The team, from Royal Perth Hospital’s Department of Neurology, analyzed the medical records of 1008 people who were admitted to hospital after experiencing a seizure for the first time between 2000 and 2011.
Of the 139 patients who were 65 or over at the onset of epilepsy symptoms, just 53 per cent had a second seizure within a year of admission – only slightly higher a proportion than in younger patients, for whom the likelihood was 48 per cent.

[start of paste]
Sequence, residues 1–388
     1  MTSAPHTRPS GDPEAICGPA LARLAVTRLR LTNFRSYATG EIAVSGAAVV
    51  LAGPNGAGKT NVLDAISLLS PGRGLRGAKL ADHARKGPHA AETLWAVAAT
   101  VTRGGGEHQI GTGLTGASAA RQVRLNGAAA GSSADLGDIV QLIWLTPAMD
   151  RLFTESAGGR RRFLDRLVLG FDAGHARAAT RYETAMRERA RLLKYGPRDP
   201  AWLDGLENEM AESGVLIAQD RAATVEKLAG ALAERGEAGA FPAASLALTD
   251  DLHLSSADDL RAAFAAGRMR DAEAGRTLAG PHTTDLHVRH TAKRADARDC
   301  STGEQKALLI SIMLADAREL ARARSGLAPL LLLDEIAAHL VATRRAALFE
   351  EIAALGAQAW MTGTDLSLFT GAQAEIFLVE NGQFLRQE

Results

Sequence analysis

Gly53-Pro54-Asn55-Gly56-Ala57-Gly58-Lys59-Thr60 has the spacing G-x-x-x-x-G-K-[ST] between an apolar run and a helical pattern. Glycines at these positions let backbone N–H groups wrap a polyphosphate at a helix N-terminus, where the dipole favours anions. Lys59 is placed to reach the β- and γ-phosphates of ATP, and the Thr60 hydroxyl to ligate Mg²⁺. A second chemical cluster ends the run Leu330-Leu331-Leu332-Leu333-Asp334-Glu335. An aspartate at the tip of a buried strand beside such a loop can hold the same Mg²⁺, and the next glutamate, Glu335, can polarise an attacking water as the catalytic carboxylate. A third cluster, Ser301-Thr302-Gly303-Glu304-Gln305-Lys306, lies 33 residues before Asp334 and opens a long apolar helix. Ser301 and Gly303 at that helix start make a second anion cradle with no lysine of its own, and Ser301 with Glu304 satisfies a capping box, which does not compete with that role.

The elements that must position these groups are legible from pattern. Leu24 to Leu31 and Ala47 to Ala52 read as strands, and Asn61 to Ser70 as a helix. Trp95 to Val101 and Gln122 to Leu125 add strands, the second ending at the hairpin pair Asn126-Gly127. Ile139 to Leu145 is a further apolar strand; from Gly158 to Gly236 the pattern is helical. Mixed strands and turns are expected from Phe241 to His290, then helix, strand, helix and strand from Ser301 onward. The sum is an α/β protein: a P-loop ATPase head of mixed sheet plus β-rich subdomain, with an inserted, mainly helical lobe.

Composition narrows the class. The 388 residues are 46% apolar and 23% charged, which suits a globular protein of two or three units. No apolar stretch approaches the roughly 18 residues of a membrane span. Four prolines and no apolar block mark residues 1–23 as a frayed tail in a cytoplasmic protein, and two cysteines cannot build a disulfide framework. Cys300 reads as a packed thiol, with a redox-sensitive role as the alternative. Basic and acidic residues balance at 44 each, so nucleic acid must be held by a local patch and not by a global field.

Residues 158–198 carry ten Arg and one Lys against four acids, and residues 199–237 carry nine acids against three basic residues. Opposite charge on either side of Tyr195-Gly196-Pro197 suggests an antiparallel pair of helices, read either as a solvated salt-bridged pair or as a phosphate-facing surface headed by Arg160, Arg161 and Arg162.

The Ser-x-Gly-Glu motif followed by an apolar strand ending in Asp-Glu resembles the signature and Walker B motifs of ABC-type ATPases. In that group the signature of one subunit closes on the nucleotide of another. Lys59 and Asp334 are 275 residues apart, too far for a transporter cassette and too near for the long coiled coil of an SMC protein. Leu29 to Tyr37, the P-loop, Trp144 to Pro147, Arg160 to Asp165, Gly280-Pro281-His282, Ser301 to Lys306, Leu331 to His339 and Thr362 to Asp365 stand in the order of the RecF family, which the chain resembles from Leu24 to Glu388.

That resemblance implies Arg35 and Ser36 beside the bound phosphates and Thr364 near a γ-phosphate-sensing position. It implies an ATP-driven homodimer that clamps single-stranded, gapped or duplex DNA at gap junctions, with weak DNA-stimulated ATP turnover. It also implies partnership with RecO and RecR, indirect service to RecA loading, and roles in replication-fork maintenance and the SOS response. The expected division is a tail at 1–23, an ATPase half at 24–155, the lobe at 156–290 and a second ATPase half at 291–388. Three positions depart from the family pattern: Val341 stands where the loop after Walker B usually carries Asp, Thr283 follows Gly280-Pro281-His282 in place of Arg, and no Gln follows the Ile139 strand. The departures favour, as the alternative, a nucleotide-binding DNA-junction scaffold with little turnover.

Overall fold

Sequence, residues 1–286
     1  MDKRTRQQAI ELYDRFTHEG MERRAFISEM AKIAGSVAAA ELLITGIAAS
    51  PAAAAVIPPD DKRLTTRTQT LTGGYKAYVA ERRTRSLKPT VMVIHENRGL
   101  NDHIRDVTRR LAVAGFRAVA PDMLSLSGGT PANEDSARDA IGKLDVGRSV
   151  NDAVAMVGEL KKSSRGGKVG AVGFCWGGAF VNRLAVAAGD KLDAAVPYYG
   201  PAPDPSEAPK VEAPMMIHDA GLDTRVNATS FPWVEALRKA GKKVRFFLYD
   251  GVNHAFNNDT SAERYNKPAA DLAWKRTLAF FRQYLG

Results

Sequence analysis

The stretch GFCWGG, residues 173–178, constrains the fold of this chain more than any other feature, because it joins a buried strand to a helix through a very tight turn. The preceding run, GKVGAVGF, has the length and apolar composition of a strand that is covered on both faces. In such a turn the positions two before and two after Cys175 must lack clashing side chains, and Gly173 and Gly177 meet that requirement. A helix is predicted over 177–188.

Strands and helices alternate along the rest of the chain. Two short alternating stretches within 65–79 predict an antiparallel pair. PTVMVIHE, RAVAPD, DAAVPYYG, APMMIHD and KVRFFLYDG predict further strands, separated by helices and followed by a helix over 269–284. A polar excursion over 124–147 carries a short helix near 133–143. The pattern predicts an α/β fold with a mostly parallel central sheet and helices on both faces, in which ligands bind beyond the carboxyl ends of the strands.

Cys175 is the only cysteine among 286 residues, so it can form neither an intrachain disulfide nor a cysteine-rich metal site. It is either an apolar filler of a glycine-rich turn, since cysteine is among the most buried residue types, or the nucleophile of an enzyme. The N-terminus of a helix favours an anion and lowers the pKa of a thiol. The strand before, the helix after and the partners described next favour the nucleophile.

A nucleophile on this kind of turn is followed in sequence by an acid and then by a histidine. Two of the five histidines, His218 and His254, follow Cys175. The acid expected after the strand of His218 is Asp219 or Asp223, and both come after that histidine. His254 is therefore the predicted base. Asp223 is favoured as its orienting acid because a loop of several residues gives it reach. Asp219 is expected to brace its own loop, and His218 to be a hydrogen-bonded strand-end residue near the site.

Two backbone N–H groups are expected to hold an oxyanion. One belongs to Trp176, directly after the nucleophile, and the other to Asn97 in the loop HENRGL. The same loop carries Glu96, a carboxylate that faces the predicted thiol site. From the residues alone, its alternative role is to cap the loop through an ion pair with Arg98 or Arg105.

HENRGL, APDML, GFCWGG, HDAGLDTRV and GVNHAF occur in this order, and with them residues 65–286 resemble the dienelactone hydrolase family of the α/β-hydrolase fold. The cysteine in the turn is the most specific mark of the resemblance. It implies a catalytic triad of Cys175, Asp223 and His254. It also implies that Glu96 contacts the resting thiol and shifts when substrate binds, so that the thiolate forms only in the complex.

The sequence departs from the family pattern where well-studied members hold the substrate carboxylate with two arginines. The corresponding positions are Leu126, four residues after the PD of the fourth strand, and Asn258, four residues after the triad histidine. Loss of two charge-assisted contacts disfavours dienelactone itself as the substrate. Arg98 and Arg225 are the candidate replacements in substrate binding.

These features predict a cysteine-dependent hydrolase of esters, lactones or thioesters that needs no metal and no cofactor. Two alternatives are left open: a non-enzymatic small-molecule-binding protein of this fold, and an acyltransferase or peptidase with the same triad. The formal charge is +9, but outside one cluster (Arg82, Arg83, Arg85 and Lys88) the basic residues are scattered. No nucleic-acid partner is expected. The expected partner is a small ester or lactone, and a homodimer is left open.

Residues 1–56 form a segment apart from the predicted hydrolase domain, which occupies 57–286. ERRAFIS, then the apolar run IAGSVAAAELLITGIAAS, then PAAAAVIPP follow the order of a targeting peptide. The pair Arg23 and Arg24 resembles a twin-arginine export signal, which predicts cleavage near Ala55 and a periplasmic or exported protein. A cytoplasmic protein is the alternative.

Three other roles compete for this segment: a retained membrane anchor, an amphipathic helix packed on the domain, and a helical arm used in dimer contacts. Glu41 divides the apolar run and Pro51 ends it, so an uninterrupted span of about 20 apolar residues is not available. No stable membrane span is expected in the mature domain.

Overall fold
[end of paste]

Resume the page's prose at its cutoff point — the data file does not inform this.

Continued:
According to researchers, this upturns existing preconceptions about epilepsy in the elderly.
“Anti-epileptic drug treatment following [the] first seizure is often recommended in older adults due to the perception that recurrence is inevitable and associated with significant morbidity,” they commented.
The study also found that elderly patients were less likely to suffer seizure-related injuries in both the presenting seizure and the first recurrence.
Treatment, therefore, should be based on “established risk factors” rather than age, the authors concluded.